Fields’ Rule #1: Don’t fall for the enemy.
Berry Fields is not looking for a boyfriend. She’s busy trailing cheaters and liars in her job as a private investigator, collecting evidence of the affairs she’s sure all men commit. And thanks to a pepper spray incident during an eighth grade game of spin the bottle, the guys at her school are not exactly lining up to date her, either.
So when arrogant—and gorgeous—Tanner Halston rolls into town and calls her “nothing amazing,” it’s no loss for Berry. She’ll forget him in no time. She’s more concerned with the questions surfacing about her mother’s death.
But why does Tanner seem to pop up everywhere in her investigation, always getting in her way? Is he trying to stop her from discovering the truth, or protecting her from an unknown threat? And why can’t Berry remember to hate him when he looks into her eyes?
With a playful nod to Jane Austen, Spies and Prejudice will captivate readers as love and espionage collide.
Source: eARC from Egmont/Netgalley for an honest review (but when Netgalley upgraded, I lost it off my bookshelf, so I actually got it from the library)
Favorite Quote: Flirtation is not a book on my shelf.
I wanted to read this book because it’s another take on Pride and Prejudice, my favorite book. What made this different is that our heroine, our Elizabeth, is Berry, who is a teenage private investigator, working for her dad. It was an interesting concept, but I’ll read just about anything that reimagines Pride and Prejudice, as I’m sure you know.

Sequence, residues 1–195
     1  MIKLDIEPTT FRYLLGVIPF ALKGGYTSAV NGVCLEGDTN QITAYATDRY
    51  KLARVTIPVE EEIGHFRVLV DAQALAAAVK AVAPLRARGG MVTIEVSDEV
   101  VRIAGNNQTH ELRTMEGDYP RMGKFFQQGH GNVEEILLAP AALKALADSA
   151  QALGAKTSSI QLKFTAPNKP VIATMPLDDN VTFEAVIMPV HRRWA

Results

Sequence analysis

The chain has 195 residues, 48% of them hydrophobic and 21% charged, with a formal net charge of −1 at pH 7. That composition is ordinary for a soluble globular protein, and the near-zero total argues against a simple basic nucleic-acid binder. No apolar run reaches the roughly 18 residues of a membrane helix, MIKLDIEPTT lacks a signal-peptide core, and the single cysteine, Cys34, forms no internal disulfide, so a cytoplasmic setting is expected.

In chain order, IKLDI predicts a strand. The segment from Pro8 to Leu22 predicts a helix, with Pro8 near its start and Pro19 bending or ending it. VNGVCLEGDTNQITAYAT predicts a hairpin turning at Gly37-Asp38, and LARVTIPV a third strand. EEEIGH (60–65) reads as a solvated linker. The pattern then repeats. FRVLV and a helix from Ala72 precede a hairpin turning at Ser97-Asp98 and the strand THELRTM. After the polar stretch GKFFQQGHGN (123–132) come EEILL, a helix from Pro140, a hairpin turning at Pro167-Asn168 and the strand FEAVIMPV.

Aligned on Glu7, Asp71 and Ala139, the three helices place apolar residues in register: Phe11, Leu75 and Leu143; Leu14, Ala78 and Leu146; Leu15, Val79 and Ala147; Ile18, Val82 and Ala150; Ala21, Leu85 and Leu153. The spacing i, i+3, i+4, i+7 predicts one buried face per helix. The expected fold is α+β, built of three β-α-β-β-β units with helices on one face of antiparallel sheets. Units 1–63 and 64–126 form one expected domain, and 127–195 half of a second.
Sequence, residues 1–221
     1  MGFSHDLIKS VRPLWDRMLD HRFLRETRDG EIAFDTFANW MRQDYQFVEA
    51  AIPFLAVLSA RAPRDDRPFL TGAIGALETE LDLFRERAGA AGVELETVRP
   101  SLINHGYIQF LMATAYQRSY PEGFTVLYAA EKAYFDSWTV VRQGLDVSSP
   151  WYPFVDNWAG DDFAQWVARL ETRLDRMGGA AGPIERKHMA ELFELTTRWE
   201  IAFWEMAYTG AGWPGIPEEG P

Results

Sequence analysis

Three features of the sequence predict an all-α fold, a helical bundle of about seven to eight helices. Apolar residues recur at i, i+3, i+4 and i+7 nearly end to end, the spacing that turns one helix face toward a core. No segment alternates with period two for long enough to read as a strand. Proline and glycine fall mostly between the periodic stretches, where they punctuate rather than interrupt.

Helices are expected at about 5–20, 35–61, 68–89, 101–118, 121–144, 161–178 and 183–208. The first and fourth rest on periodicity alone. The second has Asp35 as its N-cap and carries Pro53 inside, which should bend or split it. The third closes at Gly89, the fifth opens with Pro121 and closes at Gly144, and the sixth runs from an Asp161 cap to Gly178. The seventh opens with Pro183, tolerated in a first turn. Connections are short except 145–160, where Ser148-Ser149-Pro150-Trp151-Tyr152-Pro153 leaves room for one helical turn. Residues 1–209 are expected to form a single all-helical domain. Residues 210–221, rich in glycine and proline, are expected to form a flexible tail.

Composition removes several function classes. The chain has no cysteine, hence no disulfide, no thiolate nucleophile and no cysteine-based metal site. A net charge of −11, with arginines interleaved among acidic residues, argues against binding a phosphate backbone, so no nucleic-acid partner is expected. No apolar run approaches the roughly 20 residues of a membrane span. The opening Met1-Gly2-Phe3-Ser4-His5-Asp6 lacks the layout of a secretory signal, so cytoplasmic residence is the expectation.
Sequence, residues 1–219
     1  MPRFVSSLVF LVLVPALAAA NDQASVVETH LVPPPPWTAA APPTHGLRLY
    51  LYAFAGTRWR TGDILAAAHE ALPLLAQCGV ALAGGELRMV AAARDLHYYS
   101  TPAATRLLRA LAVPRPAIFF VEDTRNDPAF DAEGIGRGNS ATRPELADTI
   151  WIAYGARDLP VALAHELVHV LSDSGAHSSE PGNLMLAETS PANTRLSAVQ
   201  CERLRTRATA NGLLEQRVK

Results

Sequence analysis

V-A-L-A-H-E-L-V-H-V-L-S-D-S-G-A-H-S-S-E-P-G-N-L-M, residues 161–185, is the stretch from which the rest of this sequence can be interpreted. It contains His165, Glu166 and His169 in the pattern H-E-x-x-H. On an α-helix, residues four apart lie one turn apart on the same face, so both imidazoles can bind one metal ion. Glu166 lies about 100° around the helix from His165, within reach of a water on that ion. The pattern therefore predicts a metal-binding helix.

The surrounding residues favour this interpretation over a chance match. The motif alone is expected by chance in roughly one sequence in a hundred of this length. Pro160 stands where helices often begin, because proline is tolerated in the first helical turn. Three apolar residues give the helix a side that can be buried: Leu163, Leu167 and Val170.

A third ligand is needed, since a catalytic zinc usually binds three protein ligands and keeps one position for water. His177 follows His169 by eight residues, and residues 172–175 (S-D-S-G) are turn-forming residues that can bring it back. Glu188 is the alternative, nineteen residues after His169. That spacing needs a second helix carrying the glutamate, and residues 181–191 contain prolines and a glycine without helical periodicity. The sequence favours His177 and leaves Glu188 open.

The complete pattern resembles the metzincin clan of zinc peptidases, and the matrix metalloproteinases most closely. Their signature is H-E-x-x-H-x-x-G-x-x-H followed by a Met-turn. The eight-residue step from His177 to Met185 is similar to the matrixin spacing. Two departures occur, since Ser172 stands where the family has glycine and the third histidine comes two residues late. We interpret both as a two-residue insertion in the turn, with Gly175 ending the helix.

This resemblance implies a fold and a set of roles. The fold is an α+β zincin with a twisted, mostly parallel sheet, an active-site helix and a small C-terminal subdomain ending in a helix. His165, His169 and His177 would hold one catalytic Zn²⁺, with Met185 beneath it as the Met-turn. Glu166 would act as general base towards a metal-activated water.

What was great about this book is that it isn’t just a reiteration of the book, word for word, like some books I’ve read that just changed the setting and maybe the characters names. Sometimes, all the characters and setting and scenes feel forced to fit into the P&P mold, but for this take, P&P was more of a muse. The same basic backbone was there, but Talia Vance made the story her own, which I LOVED.
Berry’s mother died years ago and something happens that brings up questions for Berry, so she starts to investigate her death (suicide/murder?). At the same time, she gets caught up with a couple of new boys at school. She’s like our Elizabeth, though, in that she’s not all that interested in boys at the moment, though she’s very reluctantly attracted to arrogant Tanner and she’s also drawn to elusive Drew, her Wickham. Throw in there her best friends/partners in crime, her dad possibly, finally moving on, and a mystery that seems to be tied to her mother’s death, and it was a very well paced, smart, fun book. I liked it a lot. I wanted to know what was going on, I read it 2 sittings (because I had to go to bed). I also really liked Berry and her friends.
I had seen several people give it okay marks, 3/5, which doesn’t really recommend a book to me, but it was better than I was expecting because of those reviews. I would actually associate it with the Heist Society novels as well as Also Known As by Robin Benway. I would definitely read more by this author. My only issue is that it was kind of open ended and I could find no evidence that this is going to be a series, but I really hope it is because I would definitely read more about Berry.